Before Hugo Chavez became president of Venezuela in 1999, the barrios of Caracas, built provisionally on the hills surrounding the capital, did not even appear on the city map.
Officially they did not exist, so neither the city nor the state maintained their infrastructure. The poor inhabitants of these neighbourhoods obtained water and electricity by tapping pipes and cables themselves. They lacked access to services such as garbage collection, health care and education.
Today, residents of the same barrios are organising their communities through directly democratic assemblies known as communal councils ― of which Venezuela has more than 40,000.
Working families have come together to found community spaces and cooperative companies, coordinate social programs and renovate neighborhood houses, grounding their actions in principles of solidarity and collectivity.
And their organising has found government support, especially with the Law of Communal Councils, passed by Chavez in 2006. This has led to the formation of communes, which cover larger areas and are made up of elected communal council representatives. These can develop social projects on a larger scale.
You will not hear about the self-governing barrios in Western reports of protests spreading across Venezuela. According to the prevailing narrative, students throughout the country are protesting a dire economic situation and high crime rate, only to meet brutal repression from government forces.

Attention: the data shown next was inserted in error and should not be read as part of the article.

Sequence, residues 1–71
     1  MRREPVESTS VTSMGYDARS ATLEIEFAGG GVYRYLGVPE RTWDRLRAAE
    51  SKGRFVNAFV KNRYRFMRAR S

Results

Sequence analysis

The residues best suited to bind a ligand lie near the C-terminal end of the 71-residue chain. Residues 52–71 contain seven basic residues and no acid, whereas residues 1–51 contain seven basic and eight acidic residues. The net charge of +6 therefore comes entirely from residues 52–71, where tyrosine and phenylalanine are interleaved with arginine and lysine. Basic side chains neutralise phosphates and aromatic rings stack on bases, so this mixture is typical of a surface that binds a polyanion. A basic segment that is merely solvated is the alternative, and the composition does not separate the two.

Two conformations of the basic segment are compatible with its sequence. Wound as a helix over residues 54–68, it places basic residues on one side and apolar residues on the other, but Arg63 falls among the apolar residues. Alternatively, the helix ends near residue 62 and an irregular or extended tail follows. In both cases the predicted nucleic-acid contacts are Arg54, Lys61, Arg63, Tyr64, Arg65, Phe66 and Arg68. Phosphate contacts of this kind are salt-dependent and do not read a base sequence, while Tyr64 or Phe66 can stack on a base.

Yet the street violence that has captured the world’s attention has largely taken place in a few isolated areas ― the affluent neighbourhoods of cities like Caracas, Maracaibo, Valencia, San Cristobal and Merida ― and not in the barrios where Venezuela’s poor and working classes live.
Despite international media claims, the vast majority of Venezuela’s students are not protesting. Not even a third of all people arrested in connection with the demonstrations since early February are students, even though Venezuela has more than 2.6 million university students (up from about 700,00 in 1998) ― thanks to the tuition-free public university system that Chavez created.
A look at recent arrests reveals that the “protest” leaders are really a mixture of drug traffickers, paramilitaries and private military contractors ― in other words, the mercenaries typical of any CIA military destabilisation operation.
In Barinas, the southern border state with Colombia, two heavily armed barricade organisers were arrested. One was Hugo Alberto Nuncira Soto, who has an Interpol arrest warrant for membership in Los Urabenos, a Colombian paramilitary involved in drug trafficking, smuggling, assassinations and massacres.
In Caracas, the brothers Richard and Chamel Akl ― who own a private military company, Akl Elite Corporation, and represent the Venezuelan branch of the private military contractor Risk Inc. ― were arrested while driving an armoured vehicle in possession of firearms, explosives and military equipment.
Their car had been equipped with pipes to be activated from inside to disperse motor oil and nails on the streets, not to mention tear gas grenades, homemade bombs, pistols, gas masks, bulletproof vests, night-vision devices, gasoline tanks and knives.
After Chavez’s death in March last year, Venezuela’s opposition politicians saw an opportunity to win presidential elections, perhaps assuming that the public merely cared about Chavez’s famous charisma.
However, the opposition’s leading candidate, Miranda state governor Henrique Capriles Radonski, lost to Chavez’s successor, Nicolas Maduro. Having been defeated in 18 of 19 elections since 1998, part of the opposition decided not to hold out hope for electoral victory any longer, but instead to destabilise the country and violently oust its elected government.